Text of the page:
Civil War Generals and Cigar Label Advertising

After the civil war ended, one of the most popular themes that appeared on cigar box labels was that of the civil war general.  There was an obvious reason for this – a picture of a civil war general personified the rough, tough image of  a  cigar smoking man.  In addition,  there were also more subtle reasons why the cigar manufacturers used civil war generals.  First, anything to do with the civil war may have brought feelings of pride for some men. The civil war had just ended and everyone had been emotionally affected by it one way or another.  Second, during the war, tobacco had been given to the soldiers as part of their rations.  Smoking tobacco in one form or another caused many men to become addicted.    Lastly, the men who served during the civil war had respected their leaders so it was an ideal subject for a cigar box label.

Today, many Cigar Box Label Collectors enjoy collecting ‘anything to do’ with the civil war. It appeals to their sense of history, as well as, offers them a variety of labels that have a wide range of prices to choose from.  If you are new to cigar label collecting, Civil War Generals are a great place to start. Many are still available for purchase at reasonable prices and also can be found on all the major auction sites.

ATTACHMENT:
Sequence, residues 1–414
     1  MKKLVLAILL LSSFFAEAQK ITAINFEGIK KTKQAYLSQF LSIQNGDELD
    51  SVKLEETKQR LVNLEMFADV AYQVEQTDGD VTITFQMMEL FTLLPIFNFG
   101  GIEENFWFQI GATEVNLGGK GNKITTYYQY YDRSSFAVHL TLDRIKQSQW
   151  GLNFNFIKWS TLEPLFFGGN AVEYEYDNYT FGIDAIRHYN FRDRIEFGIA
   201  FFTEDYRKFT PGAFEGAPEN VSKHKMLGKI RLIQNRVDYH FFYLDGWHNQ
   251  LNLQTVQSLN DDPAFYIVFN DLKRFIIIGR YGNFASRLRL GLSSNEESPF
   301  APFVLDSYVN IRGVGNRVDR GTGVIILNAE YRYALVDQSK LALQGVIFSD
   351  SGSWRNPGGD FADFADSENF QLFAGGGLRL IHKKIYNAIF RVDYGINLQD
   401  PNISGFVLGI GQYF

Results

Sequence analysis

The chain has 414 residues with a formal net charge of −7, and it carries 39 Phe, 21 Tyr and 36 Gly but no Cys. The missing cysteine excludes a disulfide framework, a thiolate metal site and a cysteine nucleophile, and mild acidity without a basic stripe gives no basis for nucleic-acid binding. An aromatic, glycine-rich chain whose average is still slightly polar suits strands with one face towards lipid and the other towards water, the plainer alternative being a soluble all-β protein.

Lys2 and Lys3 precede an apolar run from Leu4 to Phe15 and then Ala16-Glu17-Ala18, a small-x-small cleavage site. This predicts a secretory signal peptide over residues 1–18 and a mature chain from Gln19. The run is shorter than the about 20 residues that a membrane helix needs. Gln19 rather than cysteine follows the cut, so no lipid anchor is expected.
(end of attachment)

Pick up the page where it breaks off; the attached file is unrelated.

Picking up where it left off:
For example:  Inner cigar labels with an image of a civil war general can be bought anywhere from fifty dollars (“Farragut” and “Hartranft”) up to hundreds of dollars(“Gettysburg Commanders” and “Fellow Citizens”).


Fremasonry and Cigar Box Labels

It’s amazing how Cigar box labels artists had a never ending source of subject matter to draw from for cigar box labels. By the late 19th century no subject was off limits for a cigar label artists as long as the image would sell cigars. Hence, Freemasonry became perfect subject matter because of its richness in symbolism and its appeal to the many men that belonged to these fraternal Organizations.

The occult symbolism in Freemasonry came directly from a fountainhead of ancient Egyptian mysticism and contained hidden meanings that the cigar label artists loved to use on cigar labels.

Take for example the Inner Cigar Box Label Trimble Lodge “117”. A holy bible sits on an alter of masonry, and upon the bible sits a square and a compass.  If you take a closer look you will also see the letter “G”, an all seeing eye, three candles in the shape of a triangle, a trowel and a slipper.

All these symbols have dualistic meanings. The square, the compass and the trowel were all tools used by the masons in their work but they also represented a more hidden meaning of the righteousness and divine. A compass represented the heavens or mans wisdom of conduct, the square represented the earth or mans virtue of conduct (morality), and the trowel represented the spreading of brotherly love and affection.  The “G” and all Seeing Eye represented god.  The three candles in the shape of a triangle  represented the great first cause of truth. The slipper represented man’s protective influence for his family. Together they are the symbols of revelation, righteousness, and man’s redemption.